Intel expands core concept for chips

If two processor cores are better than one, the chip giant figures four, eight and even hundreds must be better still.

Intel plans to release chips with two processing cores next year, but that's just the start.

The Santa Clara, Calif.-based chip giant intends to exploit the concept of using multiple processor cores--the part of the microprocessor that does the math--as a way to increase performance of its chips during the next few years.

Chips with four cores and eight cores will eventually join dual-core chips. The company's research department is also looking at the feasibility of creating chips with hundreds of cores to assist servers and supercomputers with large numbers of relatively repetitive calculations, said Steve Smith, vice president of the desktop platforms group at Intel.

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What's new:
Intel is turning its attention to chips with two processor cores--and more.

Bottom line:
Multiple cores are a way to get more performance without big boosts in power consumption. But Intel's not alone--AMD and others are heading that way, too. One company even plans a 96-core chip.

More stories on chip cores

The focus on multiple cores arises from Moore's Law, which dictates that the number of transistors on a chip doubles every two years. In the past, the extra transistors have been used to increase the size of the cache, an integrated pool of memory for rapid data access, or to boost other performance-enhancing features, such as instruction-level parallelism, which lets a chip do more than one task per clock cycle.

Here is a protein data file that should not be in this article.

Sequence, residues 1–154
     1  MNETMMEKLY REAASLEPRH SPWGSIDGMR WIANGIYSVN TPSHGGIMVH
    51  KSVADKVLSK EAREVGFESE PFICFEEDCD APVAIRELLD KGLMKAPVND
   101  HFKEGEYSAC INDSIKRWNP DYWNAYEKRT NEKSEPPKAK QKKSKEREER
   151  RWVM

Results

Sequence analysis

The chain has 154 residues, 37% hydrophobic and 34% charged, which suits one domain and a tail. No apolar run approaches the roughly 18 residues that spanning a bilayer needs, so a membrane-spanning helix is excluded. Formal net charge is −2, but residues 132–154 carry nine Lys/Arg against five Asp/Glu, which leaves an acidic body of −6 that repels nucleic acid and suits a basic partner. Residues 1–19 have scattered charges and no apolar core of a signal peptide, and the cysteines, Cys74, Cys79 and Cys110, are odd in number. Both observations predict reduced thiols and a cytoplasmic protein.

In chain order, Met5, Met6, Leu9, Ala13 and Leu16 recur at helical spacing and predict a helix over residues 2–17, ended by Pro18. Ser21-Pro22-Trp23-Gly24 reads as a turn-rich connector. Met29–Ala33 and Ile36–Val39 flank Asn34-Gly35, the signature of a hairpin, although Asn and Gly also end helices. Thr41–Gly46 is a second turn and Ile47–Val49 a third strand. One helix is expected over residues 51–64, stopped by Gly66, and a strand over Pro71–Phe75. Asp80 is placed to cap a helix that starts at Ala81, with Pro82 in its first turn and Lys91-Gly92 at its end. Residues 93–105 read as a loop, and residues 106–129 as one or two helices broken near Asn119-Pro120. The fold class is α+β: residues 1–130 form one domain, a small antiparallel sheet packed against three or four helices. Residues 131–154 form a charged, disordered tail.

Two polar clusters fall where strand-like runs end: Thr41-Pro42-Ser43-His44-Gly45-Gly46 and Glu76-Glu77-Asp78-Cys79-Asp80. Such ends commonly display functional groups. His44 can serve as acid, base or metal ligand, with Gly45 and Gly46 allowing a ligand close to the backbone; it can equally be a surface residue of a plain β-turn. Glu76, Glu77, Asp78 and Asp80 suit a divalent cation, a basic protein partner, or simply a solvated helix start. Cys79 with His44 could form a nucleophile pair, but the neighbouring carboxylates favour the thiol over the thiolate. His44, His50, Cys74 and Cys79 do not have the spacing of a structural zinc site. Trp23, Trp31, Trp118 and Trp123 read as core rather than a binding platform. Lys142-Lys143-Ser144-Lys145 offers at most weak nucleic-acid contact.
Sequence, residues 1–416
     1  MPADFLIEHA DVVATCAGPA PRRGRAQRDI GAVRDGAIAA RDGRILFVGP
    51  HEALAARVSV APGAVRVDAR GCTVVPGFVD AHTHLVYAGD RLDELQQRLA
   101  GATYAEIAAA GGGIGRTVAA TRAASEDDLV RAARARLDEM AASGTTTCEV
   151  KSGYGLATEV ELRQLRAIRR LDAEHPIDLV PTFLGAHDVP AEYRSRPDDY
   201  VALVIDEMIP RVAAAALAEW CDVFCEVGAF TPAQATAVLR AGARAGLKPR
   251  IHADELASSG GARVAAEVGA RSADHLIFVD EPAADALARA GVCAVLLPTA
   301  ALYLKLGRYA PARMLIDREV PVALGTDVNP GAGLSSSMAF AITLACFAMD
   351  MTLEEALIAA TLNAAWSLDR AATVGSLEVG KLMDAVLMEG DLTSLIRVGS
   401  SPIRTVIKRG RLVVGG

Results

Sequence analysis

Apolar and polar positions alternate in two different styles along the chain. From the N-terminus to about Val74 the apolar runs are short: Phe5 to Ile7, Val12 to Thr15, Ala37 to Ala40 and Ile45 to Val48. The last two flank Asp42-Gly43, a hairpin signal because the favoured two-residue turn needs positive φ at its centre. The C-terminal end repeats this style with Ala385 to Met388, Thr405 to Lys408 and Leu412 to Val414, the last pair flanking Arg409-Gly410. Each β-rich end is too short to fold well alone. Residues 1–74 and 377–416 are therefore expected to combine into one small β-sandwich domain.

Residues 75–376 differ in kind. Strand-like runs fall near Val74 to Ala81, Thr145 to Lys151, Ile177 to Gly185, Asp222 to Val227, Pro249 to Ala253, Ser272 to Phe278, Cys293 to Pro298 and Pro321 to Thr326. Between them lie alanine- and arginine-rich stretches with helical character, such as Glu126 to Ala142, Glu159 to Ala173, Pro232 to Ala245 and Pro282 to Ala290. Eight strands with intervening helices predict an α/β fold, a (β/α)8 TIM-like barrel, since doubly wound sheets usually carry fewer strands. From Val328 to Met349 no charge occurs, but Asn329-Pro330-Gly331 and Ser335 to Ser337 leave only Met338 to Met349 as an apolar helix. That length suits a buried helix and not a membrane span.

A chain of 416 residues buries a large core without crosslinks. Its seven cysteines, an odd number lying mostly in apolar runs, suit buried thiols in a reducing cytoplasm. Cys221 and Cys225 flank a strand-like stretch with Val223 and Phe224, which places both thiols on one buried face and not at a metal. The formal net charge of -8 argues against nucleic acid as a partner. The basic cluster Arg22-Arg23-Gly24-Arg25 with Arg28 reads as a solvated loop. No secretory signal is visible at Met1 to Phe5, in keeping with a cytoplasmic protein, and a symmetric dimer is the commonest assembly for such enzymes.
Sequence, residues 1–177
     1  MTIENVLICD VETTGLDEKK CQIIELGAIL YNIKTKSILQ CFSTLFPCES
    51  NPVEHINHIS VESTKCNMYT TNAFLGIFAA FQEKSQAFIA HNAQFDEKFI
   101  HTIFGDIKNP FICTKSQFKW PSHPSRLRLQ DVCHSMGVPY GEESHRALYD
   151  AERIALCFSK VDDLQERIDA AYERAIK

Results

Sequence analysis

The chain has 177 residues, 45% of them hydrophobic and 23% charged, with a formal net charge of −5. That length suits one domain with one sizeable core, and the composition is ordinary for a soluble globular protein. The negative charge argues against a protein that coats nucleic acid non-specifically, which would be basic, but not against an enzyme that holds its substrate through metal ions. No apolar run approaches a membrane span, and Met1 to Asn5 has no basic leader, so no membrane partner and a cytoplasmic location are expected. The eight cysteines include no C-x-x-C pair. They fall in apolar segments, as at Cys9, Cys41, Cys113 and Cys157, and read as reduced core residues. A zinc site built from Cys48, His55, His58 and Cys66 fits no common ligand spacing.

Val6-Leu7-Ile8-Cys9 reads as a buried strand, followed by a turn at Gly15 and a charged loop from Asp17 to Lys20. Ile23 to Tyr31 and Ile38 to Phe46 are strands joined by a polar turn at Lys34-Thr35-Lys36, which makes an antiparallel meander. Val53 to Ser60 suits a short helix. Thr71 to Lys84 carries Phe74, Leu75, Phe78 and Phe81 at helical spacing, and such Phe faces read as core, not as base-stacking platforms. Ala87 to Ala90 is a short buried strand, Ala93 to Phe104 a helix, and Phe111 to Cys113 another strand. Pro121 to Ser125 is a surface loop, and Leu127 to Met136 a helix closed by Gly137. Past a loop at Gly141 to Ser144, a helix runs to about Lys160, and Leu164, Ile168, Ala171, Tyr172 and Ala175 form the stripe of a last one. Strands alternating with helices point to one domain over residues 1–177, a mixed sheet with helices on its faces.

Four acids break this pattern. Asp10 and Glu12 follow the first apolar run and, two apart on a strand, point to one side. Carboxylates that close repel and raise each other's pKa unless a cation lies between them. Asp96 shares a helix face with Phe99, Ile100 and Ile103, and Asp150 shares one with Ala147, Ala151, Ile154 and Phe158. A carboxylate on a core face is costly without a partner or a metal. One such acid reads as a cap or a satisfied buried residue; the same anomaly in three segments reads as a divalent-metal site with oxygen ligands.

However, Intel is now employing the extra transistors to create additional cores to boost performance, a measure it says it can take without drastically increasing chips' power consumption. Power consumption was among the reasons that Intel shifted to the dual-core strategy and canceled Tejas, a high-speed, single-core successor to the Pentium 4. Continuing the trend of quickly upping its processors' clock speeds would have eventually boosted their power consumption above practical levels, Intel has said.

"We're doing (dual-core chips) because we believe it's a more efficient way to use our transistor budget," Smith said.

One of the key areas where consumers may notice the dual-core difference will likely come when they run two or more applications, Smith said. With two cores, a consumer can edit a movie from a digital video camera in the background or record a television show using a personal video recorder setup--while surfing the Web, sending e-mail and performing other tasks.

Intel isn't the only chipmaker expecting twins. Nearly every processor company has multiple-core plans. IBM has been selling dual-core chips for servers for a few years, while ARM sells dual-core chips for cell phones. Intel rival Advanced Micro Devices has said it will create chips with two, four and eight cores, too. Its first dual-core chip will also come out in 2005.

Meanwhile, ClearSpeed has developed a 96-core chip for augmenting supercomputers, similar to chips from Japan's RIKEN and others. Nonetheless, Intel is the world's largest chipmaker, so the vast majority of the population will experience dual-core computing through its products.

"This will be looked back upon in 10 years as the beginning

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